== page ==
Forlorn Abandon

forlorn-abandon

Un Matin de Pluie (A Rainy Morning), Henri Rousseau, 1896

Forlorn Abandon

Henri could be so demanding at times. Once he had a particular vision, there was no turning his mind from his task. Marie had posed for him many times, but these conditions had to be the worst. They had come to this location on two other occasions, only to have him cancel the proceedings and fold up his easel; once because it had stopped raining and the other because it wasn’t raining hard enough.

As she stood in the road facing the local mill, wearing a black dress and with her black umbrella doing little more than to keep the raindrops off her face, she presented the forlorn aspect he desired. As he walked away from her, up the hillside to his easel, he kept repeating, “Abandon! Abandon! I must capture that feeling!”

Well, here she stood for several hours, soaked to the skin. Yet there sat Henri, under a shelter on a nearby hillside, peering around his canvas to capture the scene before him. Any time that Marie turned her head to glance in his direction, he waved frantically for her to face forward.

She would show him abandon. This would be the last time she posed for him.


Jane Dougherty’s Microfiction challenge #12: Abandon presents a painting by Henri Rousseau,
Un Matin de Pluie (A Rainy Morning), and the theme Abandon. Staring at the scene repeatedly and getting nothing, I finally decided to write about the circumstances of the actual painting. The word count here is 200.  As always, I welcome Jane’s critique.

Image source: Wikipedia

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13 thoughts on “Forlorn Abandon

  1. It seems like a piffling objection, but I can’t help thinking that if the painter was on a ‘nearby hillside’ he wouldn’t be able to see the model’s face and its expression, nor, for this particular painting would he need to see her face. It’s a neat idea though, and I like the suggestion of tyranny.

    Liked by 1 person

    • I know what you mean. I tried”embankment” – as being closer – but thought the the word was too cumbersome (my poet’s mind).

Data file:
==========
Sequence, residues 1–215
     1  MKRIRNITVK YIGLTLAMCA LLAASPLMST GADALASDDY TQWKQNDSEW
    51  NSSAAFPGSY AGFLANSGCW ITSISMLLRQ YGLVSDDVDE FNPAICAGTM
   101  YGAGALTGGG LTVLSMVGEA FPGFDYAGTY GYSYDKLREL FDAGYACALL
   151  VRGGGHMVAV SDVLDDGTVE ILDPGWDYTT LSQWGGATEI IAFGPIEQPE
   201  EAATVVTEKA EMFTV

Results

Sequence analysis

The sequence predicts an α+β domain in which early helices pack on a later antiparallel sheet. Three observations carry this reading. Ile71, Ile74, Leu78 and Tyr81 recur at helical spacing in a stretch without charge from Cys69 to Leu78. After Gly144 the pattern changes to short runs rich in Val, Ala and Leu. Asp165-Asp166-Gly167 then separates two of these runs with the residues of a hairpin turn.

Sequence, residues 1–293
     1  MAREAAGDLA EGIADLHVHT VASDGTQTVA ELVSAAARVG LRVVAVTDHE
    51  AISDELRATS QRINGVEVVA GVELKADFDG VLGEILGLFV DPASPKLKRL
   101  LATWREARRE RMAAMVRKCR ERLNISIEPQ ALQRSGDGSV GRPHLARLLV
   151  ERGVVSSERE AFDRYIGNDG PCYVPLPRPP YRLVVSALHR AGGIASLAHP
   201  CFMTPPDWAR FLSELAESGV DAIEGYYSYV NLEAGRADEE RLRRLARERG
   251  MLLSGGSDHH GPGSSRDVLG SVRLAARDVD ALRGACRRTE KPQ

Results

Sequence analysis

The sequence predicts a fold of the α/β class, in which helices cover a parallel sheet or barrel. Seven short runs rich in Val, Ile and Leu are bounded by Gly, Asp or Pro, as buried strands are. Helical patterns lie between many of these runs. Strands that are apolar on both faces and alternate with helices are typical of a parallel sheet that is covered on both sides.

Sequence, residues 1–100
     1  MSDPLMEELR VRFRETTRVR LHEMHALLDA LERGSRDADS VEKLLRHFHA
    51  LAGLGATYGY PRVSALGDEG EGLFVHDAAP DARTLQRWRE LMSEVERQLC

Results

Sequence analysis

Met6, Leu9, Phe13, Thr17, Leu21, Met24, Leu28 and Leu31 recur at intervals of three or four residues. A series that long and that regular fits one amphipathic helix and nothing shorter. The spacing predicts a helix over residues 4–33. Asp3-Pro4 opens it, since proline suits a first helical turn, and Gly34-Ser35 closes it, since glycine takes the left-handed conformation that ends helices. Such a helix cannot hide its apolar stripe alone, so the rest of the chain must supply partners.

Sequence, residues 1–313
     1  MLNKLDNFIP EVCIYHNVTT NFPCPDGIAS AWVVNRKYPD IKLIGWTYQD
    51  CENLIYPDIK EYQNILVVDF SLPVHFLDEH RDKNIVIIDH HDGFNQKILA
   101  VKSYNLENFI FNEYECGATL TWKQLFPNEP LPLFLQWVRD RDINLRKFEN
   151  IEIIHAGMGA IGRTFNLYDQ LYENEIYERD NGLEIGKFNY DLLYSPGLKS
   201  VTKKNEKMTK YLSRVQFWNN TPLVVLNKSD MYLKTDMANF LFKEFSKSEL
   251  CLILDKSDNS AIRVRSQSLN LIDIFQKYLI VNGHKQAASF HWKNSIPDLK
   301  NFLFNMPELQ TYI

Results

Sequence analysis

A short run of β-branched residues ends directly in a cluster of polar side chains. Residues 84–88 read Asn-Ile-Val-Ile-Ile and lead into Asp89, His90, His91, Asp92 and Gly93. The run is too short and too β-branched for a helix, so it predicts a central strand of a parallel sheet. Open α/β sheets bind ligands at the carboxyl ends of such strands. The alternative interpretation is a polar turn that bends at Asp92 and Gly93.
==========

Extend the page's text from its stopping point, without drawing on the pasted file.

Also, I was thinking primarily of the atmosphere of the scene, without referring to her facial expression while economizing the word count. If he could actually see her face, he would know that she was “pissed as hell.”

      A totally different view of the scene would be to say that it displays Determination. Why else would someone be there under those circumstances? Some of the responses convey that very well.

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      • I get the atmosphere you’re creating, and the image, but at a secondary level. It’s just an editing point that anything that brings the reader up short, like those how come? moments is dragging him/her out of the story and should be avoided. I know what you mean, but it isn’t what you say, and that’s what hits the reader first. As I say, it’s more an editorial point than a stylistic point. Unless you’re tying to sell somebody the story, it’s usually fine to go with the ‘but I know what you mean’ line.

        Liked by 1 person

      • It’s a point editors always trot out. I used to reply, ‘but it’s obvious what I’m getting at’. Doesn’t cut any ice. That said, editors are often pandering to the lowest common denominator. If you’re just writing for intelligent, literate people you can suggest away 🙂

        Liked by 1 person

  2. Pingback: Microfiction challenge Abandon: the entries – Jane Dougherty Writes

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